Jackie Cox Talks Breaking Barriers, Showcasing Her Culture, & New York City Drag Representation On “RuPaul’s Drag Race”

Jackie Cox knows her way around the New York City stages and is ready to take her unique performing style and Broadway sensibilities to the stage of RuPaul’s Drag Race this year. I sat down to chat with Jackie about how she’s melding her cultural background with her current performance style (and why that is so important) and what New York City Drag Race dynamo has been one of her biggest inspirations.

MC: So tell me Jackie, what does it feel like right now as your life is changing right before your eyes as RuPaul’s Drag Race Season 12 is about to premiere?

JC: I feel like a breath of relief that is is finally not a secret that’s the biggest thing. I feel very honored to also be a part of this group of New York City girls. It’s a really cool group, we all love each other and hate each other at the same time in the best way (laughs). We are all just doing ourselves, it really doesn’t even feel like competition. It feels like five amazing different queens ready to have some fun and hopefully make New York City proud.

MC: You have an extensive performing background and a true Broadway sensibility. Do you think that it was helpful to you in competing?

JC: Well you know, of course everything in your life is helpful. Those that think that past experiences are a waste of time probably didn’t learn the lesson that they needed to from those past experiences. I think that everything that has happened in my life has led me to this moment, which has been very thrilling to see come to life. If you had asked me three or four years ago, I probably would have said something like “probably one day, never” but this year it happened and I said “why not, let’s go for it”. It was my first time auditioning also. I think this felt like the right moment for me. All of the theater stuff, those expensive college classes, hopefully now they have paid off a little bit.

MC: Your culture is extremely important to you; what it important that you made sure it’s something you highlighted as a queen?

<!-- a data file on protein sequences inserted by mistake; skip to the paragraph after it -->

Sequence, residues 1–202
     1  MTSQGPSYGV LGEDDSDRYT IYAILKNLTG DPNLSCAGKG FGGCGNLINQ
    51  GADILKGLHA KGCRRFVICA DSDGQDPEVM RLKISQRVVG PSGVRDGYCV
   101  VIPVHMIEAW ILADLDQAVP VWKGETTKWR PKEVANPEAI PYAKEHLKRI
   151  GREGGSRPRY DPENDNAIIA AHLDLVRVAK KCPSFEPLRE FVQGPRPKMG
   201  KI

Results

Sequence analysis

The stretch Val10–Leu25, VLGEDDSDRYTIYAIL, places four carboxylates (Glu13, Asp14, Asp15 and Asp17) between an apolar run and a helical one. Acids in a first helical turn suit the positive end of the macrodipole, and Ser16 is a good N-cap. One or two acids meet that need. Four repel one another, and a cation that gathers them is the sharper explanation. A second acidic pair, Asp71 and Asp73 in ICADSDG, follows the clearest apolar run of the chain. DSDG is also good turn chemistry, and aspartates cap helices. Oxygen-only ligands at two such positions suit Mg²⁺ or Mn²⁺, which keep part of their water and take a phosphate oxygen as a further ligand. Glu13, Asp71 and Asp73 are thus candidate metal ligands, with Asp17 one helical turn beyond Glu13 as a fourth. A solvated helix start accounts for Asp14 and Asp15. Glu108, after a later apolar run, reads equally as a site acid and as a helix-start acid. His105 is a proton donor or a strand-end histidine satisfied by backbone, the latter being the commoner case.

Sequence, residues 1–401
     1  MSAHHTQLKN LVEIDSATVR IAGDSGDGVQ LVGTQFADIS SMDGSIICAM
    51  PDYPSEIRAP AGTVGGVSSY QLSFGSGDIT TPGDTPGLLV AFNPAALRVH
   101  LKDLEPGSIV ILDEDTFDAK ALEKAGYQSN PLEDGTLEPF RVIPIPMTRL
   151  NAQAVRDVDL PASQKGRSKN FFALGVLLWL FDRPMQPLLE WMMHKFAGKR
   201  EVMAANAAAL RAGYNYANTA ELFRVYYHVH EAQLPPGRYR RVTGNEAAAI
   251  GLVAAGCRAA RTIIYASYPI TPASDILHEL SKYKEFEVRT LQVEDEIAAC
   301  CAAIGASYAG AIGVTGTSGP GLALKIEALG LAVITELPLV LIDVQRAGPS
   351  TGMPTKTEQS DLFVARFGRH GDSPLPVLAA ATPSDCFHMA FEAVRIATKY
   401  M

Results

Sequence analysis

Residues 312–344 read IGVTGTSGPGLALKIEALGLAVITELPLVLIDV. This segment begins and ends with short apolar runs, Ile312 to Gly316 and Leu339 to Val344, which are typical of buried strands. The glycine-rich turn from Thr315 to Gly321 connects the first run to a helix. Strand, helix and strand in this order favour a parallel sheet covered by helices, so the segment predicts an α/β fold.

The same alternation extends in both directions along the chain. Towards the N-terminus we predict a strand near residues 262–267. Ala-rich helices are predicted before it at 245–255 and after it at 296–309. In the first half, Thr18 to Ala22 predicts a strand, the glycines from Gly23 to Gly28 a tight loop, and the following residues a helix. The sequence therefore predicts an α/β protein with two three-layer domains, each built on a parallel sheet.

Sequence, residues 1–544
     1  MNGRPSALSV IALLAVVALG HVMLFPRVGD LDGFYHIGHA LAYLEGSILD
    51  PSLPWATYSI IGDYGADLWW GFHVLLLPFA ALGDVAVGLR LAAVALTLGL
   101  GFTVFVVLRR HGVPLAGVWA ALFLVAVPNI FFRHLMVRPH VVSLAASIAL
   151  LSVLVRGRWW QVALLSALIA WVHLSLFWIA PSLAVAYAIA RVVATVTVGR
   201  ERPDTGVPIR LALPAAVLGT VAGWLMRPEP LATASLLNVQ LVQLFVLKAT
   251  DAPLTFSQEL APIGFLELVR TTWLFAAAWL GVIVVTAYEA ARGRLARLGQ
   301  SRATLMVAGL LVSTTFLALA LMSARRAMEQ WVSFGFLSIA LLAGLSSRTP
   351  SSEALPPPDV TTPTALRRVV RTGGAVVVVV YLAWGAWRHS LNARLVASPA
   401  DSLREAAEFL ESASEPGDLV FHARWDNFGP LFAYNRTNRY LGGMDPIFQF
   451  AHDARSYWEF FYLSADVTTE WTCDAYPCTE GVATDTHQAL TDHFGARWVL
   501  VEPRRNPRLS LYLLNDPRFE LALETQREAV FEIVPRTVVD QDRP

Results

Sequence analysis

JC: Definitely and especially right now. There was a long time when I did not embrace my cultural heritage. I remember that 9/11 happened when I was in high school at at that time, being a Middle Eastern person was something different. I was living in Orange County at the time, and they actually put away the Aladdin and Jasmine characters at Disneyland. People were scared of what Middle Eastern people were and are, and I thought that was something that I could never really embrace. What I saw with the election of Trump was that happening again, but in an even scarier way. In a way where people from Muslim majorly countries all over the world are suddenly not allowed to be in America at all.

MC: Have his policies affected you personally?

JC: My family members not being allowed into this country was crazy to me. My aunt who just visited here in 2015 was suddenly not allowed to come visit my mom and me anymore, her sister. I really thought that this was not a moment to hide anymore. This is not a moment to pretend that you are not Middle Eastern, that this is not part of your life and that this isn’t affecting you. I have this platform and I have these shows and this stage and this platform. I need to talk about it in my drag and make people see and have this visibility and not hide and not hide these characters away. I was thinking back to 2001 and thinking what that was like as a sixteen year old. To be a thirty-something who is brave enough to step into my self and not be afraid of it; hopefully there will be another sixteen year old who sees this season and really that they don’t have to be afraid to. That was really important to me and a big part of why I auditioned. It would have meant so much for me to see an Iranian kid on television at that time, and hopefully I can do that for another kid with this show; I am just so excited.

MC: What New York City Drag Race alumni do you see that have gone on to great success and you could pattern your own career in a similar way?

JC: Well obviously Bob the Drag Queen, hello! What is crazy about Bob is that she and I started drag around the same time, nine or ten years ago. I remember right after she filmed her season and before it was released she said to me “Jackie, how long have you been doing drag”? I responded “maybe four to five years”. She said ’the same time as me huh? When are you going to step it up and go to the next level”? I guess it took me another four years, but I listened to Bob. That is a career that would be the envy of any person in entertainment, much less drag queens. What passionate supporter of important causes and a damn good entertainer at the same time.

“RuPaul’s Drag Race” premieres Friday February 28th on VH1 (check local listings)

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